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Faith leaders visit Army's art contribution to Lent

Faith leaders visit Army's art contribution to Lent

Faith leaders visit Army's art contribution to Lent

15 May 2016

Leaders of different faiths in London gather to view the Sea of Colour patchwork at The Salvation Army's International Headquarters during Lent.

By David Giles

Salvation Army international leader General André Cox, along with Commissioner Silvia Cox (World President of Women’s Ministries), Chief of the Staff Commissioner Brian Peddle and Commissioner Rosalie Peddle (World Secretary for Women’s Ministries), welcomed the Archbishop of Westminster, Cardinal Vincent Nichols, and Bishop of London, Right Reverend Richard Chartres, to International Headquarters during Holy Week.

The faith leaders were beginning a pilgrimage to a number of the Stations of the Cross – art installations which have been exhibited across London throughout Lent, to help people of different faiths to reflect on Jesus’ journey to Calvary. IHQ hosted “Sea of Colour”, a unique patchwork of discarded child refugee clothing, handstitched by artist Güler Ates. The piece reflects both the moment when Jesus was stripped of his clothes on the way to the cross and the modern-day plight of refugees fleeing conflict and persecution.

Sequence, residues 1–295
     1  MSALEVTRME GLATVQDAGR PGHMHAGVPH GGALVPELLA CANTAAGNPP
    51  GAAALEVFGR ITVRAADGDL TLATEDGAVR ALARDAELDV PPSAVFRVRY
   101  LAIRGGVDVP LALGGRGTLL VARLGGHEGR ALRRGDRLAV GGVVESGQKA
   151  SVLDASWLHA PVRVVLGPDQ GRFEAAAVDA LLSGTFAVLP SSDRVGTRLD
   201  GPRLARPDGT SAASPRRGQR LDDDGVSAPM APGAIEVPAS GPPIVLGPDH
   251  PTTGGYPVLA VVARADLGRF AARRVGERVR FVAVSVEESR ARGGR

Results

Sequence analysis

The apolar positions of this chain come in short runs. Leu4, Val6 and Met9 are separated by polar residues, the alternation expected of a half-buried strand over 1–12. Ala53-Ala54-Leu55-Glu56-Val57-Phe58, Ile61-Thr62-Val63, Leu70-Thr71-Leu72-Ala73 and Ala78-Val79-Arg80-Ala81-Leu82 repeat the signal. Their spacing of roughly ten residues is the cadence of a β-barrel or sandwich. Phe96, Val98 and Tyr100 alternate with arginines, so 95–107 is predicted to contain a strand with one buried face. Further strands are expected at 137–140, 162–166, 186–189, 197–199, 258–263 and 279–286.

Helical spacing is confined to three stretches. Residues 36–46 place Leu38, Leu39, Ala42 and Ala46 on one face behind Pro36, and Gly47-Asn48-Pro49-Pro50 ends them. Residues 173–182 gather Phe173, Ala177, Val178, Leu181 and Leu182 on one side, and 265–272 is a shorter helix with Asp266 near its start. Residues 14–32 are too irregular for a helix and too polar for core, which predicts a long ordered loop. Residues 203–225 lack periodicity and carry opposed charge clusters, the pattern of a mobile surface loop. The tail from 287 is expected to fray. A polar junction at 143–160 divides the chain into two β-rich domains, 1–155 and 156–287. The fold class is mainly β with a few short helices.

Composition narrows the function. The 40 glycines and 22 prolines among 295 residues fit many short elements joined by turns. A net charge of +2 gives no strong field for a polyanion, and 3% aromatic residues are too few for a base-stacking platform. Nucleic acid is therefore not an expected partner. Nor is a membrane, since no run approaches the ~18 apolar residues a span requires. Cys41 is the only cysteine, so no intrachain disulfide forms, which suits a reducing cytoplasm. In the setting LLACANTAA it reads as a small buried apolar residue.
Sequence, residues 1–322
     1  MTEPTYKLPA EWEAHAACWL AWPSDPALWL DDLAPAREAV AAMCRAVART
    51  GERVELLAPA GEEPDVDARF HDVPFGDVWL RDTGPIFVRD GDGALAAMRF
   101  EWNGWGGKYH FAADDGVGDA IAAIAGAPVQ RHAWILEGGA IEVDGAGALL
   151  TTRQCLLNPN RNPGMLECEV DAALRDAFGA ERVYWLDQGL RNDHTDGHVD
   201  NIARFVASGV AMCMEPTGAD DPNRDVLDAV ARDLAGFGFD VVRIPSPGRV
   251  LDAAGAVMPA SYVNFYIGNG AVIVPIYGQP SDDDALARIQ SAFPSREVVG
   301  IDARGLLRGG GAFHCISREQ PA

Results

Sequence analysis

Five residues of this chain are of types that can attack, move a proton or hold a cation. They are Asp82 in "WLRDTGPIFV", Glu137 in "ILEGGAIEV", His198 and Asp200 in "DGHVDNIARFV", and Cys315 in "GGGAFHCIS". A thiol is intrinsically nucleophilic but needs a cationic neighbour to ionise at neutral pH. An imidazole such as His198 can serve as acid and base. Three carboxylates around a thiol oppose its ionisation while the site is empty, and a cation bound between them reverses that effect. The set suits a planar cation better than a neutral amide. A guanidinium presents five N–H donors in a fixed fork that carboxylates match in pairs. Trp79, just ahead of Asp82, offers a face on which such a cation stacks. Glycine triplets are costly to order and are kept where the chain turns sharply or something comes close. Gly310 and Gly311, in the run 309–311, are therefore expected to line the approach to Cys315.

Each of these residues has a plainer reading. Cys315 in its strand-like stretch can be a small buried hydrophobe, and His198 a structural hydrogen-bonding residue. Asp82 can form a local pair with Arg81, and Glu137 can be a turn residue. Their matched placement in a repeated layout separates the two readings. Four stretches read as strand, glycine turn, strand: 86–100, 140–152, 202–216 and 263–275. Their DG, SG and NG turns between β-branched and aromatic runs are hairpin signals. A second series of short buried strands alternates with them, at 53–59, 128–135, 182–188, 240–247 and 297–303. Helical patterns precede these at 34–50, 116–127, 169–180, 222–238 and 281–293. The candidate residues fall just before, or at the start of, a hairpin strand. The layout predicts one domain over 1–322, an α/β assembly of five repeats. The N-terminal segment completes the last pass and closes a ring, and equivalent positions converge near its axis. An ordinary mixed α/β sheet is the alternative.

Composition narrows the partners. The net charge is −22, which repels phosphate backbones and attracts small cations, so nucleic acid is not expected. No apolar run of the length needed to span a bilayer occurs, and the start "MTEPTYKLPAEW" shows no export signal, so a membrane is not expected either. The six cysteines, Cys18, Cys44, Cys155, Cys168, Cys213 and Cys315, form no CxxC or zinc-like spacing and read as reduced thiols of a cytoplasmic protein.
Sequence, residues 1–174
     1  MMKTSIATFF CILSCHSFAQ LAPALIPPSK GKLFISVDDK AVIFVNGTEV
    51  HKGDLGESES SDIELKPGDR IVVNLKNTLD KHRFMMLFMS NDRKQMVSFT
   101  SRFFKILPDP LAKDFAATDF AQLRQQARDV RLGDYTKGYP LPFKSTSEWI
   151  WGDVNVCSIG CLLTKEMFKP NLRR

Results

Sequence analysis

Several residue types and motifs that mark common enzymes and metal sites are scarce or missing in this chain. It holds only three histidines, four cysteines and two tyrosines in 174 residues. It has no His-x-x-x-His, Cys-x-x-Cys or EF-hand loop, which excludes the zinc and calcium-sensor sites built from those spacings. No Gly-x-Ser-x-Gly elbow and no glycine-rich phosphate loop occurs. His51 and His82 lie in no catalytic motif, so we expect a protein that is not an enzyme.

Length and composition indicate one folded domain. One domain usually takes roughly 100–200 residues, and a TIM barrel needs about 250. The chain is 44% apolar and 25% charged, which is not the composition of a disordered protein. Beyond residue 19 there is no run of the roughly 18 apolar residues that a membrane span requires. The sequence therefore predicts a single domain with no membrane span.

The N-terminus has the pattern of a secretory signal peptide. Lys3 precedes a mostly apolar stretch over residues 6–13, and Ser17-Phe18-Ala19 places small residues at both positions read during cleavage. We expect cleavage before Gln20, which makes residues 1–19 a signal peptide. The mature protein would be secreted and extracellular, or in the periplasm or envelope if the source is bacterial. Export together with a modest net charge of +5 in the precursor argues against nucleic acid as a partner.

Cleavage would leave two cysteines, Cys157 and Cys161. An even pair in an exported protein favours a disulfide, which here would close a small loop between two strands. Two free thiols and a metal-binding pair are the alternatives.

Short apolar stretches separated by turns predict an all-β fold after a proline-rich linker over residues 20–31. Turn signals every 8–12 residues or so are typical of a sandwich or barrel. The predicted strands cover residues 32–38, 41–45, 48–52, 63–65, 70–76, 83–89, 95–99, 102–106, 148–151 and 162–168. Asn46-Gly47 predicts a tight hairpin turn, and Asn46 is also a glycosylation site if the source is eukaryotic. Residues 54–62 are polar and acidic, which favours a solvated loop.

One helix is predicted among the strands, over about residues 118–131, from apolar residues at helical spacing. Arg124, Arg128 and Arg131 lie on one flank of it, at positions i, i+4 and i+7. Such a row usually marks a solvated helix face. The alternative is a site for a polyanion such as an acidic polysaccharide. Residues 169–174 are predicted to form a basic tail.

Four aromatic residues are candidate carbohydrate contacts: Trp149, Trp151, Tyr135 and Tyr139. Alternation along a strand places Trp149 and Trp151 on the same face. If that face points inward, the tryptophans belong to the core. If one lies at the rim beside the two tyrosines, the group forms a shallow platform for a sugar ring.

Cardinal Nichols read the account from John’s Gospel before co-curator of the Stations of the Cross initiative, Dr Aaron Rosen, invited Ms Ates to speak on what had inspired Sea of Colour. She spoke movingly of her own experiences as a Kurdish refugee and the impact on her of TV news images showing three-yearold Alan Kurdî, a Syrian refugee who had died on the Bodrum beach that she was so familiar with. “It could be my son, it could be anyone’s son. And not just from one faith either. To me, that was very painful,” Ms Ates explained. “Jews, Christians, Muslims [are] all together here.”

Having viewed the patchwork, Rev Chartres reflected that: “One of the most moving things about this ... is that sentence, ‘Why did my son have to die?’,” referring to a message handwritten on to one of the garments by a refugee volunteer. “One of the great things about creative pieces like this,” he continued, “is that we don’t hurry on to give a glib answer.” The bishop concluded: “As we make our pilgrimage through Holy Week, that’s very salutary. We have to stay with that question: Why did my Son have to die?”


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